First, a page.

One of the worse nightmare for a parent is when their child becomes the victim of bullying. It could happen anywhere: school, bus, playground the list is endless. My friend’s 4 years daughter faced severe physical bullying in bus by one of the senior boys. Each day she used to return crying, sometime even with a bruise on her body. That continued irrespective of the presence of the bus nanny. In fact the bus nanny rather than protecting her, used to scold her to silence.
Though my friend was worried but initially she took things lightly, thinking that it would get resolved on its own. (Some time we as a parents are apprehensive of taking rightful side of our kids in the fear of being labelled as ‘overprotective parent’. I myself had gone through this.)
Anyway back to the topic, situation with my friend’s daughter was not improving. Instead it became worse, so much so that her once happy and cheerful daughter was going into a shell. The child who loved going to school, was one of the star performer of her class, became scared of even getting up in the morning.
When my friend confronted the bus nanny she straight away declined anything of that happening in the bus. In the mean time my friend’s daughter, she completely changed from a confident child to a timid one. She was scared of her bus nanny and used to completely freeze when ever she saw that boy. It was then, when my friend had enough, and she took this issue to the school authorities. Unfortunately school was anything but cooperative, blaming entire episode as cooking up of stories. But my friend stood on her ground as she knew that her daughter was not lying. She even showed the feedback of her daughter’s class teacher, which clearly stated that she is a very intelligent and confident child who never indulged in any kind of story telling. At last the respective authority had to accept that bullying had indeed happened, also their bus nanny was at fault for not stopping it. It was then revealed that the bus nanny was also the class nanny of that boy and that was why she was taking his side.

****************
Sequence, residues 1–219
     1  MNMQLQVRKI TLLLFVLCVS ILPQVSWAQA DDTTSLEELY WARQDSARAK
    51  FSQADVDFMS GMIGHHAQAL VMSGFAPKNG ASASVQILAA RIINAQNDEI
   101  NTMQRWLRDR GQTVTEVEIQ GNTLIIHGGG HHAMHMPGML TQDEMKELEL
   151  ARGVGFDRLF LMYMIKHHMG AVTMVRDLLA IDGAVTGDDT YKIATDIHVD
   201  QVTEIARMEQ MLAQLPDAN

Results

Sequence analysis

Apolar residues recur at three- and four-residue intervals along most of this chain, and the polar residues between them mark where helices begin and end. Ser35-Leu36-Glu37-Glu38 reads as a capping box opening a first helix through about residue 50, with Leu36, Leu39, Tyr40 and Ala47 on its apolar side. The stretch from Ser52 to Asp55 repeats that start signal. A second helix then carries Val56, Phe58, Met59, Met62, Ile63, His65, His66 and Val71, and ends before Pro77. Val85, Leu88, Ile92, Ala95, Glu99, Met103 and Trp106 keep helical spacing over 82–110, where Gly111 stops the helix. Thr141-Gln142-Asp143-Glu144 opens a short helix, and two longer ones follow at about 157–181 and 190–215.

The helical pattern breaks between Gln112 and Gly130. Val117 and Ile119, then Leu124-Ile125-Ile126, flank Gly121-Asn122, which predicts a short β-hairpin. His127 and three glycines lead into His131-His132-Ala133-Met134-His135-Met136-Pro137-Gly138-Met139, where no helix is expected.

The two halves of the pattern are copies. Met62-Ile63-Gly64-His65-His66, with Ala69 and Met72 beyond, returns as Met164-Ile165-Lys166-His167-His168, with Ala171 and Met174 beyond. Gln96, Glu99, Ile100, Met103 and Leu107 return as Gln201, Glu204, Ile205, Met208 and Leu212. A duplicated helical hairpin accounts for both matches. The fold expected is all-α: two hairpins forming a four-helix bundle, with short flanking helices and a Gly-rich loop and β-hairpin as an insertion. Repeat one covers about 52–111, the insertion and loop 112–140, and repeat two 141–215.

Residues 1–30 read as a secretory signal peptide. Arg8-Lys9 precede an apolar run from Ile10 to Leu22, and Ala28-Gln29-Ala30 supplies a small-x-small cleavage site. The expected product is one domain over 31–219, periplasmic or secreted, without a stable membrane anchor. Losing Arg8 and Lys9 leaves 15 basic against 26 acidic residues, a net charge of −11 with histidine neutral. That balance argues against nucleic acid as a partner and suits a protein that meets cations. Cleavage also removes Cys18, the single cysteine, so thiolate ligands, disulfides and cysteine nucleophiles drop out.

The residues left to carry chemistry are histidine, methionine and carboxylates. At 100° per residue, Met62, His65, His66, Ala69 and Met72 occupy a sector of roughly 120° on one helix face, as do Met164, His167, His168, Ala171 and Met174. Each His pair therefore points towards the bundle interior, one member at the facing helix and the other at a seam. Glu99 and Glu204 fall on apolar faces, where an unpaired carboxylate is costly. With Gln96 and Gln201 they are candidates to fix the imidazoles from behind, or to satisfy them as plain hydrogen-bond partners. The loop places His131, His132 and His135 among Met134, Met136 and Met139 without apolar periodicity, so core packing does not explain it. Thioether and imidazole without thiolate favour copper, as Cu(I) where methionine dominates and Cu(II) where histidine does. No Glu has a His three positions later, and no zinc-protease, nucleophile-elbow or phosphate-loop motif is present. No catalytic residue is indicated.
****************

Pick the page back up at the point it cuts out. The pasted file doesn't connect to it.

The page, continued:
My friend was assured that appropriate action would be taken and the incident would not happen again. Thankfully the bullying stopped there and after a while my friend’s daughter became her usual self. All’s well that ends well. Right.
Wrong, because I think that the situation could have been avoided if my friend would have taken things more seriously. Her daughter would not had to go through all that torture if timely action was taken. So what to be done when we realize that our child is going through any sort of bullying.
- The very first thing that you should do is to have faith in your child. You know your child best and believe me, motherly instinct is never wrong.
- Be calm and positive. Your attitude will be reflected in your child. A confident, positive and resilient appearance can stop bullying from continuing.
- Reassure your child that it’s not his fault. There is still a stigma attached to bullying and some children feel they’ve brought it upon themselves.
- Talk with your child. Create a List of Responses, e.g. Walking away, Acting unimpressed or unaffected. You can also practice phrases your child can use to tell someone to stop bullying behavior. These should be simple and direct, but not antagonistic; ‘Don’t do that’, ‘I’m going to tell your teacher/mother’. But set all these strategies for a short period of time and if things are not improving then please immediately go the concerned authority.
- Last but definitely not the least is don’t think what others are going to say. Sometime we are more concerned with what others would think or how they would react (Happens with me also but I am trying to change). Always remember that your child is your (and your only) responsibility so even if others are not helping in any way or tagging you as ‘over protective or helicopter (nothing to do with the real one!!!) parent’, it is perfectly fine. Your child should not suffer because of your habit of seeking approval from others.
It is important to take bullying seriously and not just brush it off as something that kids have to “tough out.” The effects could be serious and affect a child’s sense of safety and self-worth for years to come.